There are a growing number of stories like Uwazie’s. The African diaspora’s willingness to make a difference on the continent goes well beyond sending money home, although remittance flows are still significant at close to $40 billion in 2015, according to the World Bank. What is it like to return to the continent and establish an enterprise? Three social entrepreneurs who have successfully launched social impact businesses on the continent shared their tips with Devex on what prospective returnees should consider.


1. Build a network before you go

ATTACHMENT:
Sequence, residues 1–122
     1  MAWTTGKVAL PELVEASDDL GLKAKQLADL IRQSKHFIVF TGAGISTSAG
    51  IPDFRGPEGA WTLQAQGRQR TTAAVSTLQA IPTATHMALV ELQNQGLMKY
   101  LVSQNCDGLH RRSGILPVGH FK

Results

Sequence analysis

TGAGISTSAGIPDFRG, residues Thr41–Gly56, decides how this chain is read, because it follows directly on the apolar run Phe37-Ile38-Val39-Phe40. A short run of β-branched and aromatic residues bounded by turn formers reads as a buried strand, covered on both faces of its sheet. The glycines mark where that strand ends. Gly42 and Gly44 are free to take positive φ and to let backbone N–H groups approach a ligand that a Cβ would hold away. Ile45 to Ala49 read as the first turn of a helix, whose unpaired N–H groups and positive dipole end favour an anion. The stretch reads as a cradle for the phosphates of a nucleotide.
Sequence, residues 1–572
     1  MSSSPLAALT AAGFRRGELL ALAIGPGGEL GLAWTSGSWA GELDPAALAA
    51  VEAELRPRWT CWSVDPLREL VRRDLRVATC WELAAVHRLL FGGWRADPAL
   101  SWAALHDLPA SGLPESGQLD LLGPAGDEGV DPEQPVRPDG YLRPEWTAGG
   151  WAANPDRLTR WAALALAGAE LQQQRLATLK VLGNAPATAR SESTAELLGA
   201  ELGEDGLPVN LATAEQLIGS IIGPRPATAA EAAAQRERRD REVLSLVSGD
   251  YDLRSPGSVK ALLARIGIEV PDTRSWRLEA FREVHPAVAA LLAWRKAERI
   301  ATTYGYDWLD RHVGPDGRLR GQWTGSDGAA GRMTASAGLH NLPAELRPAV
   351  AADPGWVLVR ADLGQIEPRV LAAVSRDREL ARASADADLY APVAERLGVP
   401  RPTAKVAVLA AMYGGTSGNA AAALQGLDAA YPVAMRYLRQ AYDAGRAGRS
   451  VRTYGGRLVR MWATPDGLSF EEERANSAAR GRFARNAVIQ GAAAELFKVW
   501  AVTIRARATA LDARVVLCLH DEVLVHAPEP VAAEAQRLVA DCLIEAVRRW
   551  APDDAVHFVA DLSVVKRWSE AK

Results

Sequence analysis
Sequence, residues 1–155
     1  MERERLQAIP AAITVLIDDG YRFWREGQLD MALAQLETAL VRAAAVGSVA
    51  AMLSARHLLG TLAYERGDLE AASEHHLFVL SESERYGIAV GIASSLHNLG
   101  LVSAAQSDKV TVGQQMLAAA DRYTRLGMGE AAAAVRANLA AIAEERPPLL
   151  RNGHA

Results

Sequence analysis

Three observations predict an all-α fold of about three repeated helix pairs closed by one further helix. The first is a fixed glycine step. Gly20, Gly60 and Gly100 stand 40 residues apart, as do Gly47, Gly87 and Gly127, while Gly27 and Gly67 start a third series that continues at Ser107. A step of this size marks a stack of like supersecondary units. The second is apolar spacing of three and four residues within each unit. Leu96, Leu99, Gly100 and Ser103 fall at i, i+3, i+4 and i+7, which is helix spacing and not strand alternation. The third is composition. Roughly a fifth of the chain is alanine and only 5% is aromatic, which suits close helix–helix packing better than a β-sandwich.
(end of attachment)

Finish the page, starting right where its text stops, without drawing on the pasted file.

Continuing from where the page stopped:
Prospective entrepreneurs should take a systematic approach to returning to subSaharan Africa.  Uwazie began thinking about returning in 2010 and began networking. She urged returnees to start early: Get to know people, get mentors, and be in the community. “When I was able to come back to Nigeria, I transitioned more quickly than others because I already have a network of more people there,” she said. “A lot of people move back to Nigeria cold.” It is easy to be overwhelmed in the beginning — a phase when some may be discouraged and move back abroad. When Uwazie finally returned in 2015, she opted for a full-time job, and only later stumbled upon a pressing issue that needed to be addressed. “I was working [at a] multinational in Lagos, and I realized that all interns still send direct mail to apply [for jobs], and what was worse was that all the contract employees and interns were paid cash,” she said. Surprised by the lack of provisions within a multinational to pay short-term staff electronically, Uwazie decided to find the missing link and fix it. “That was how we created TalentBase,” she said.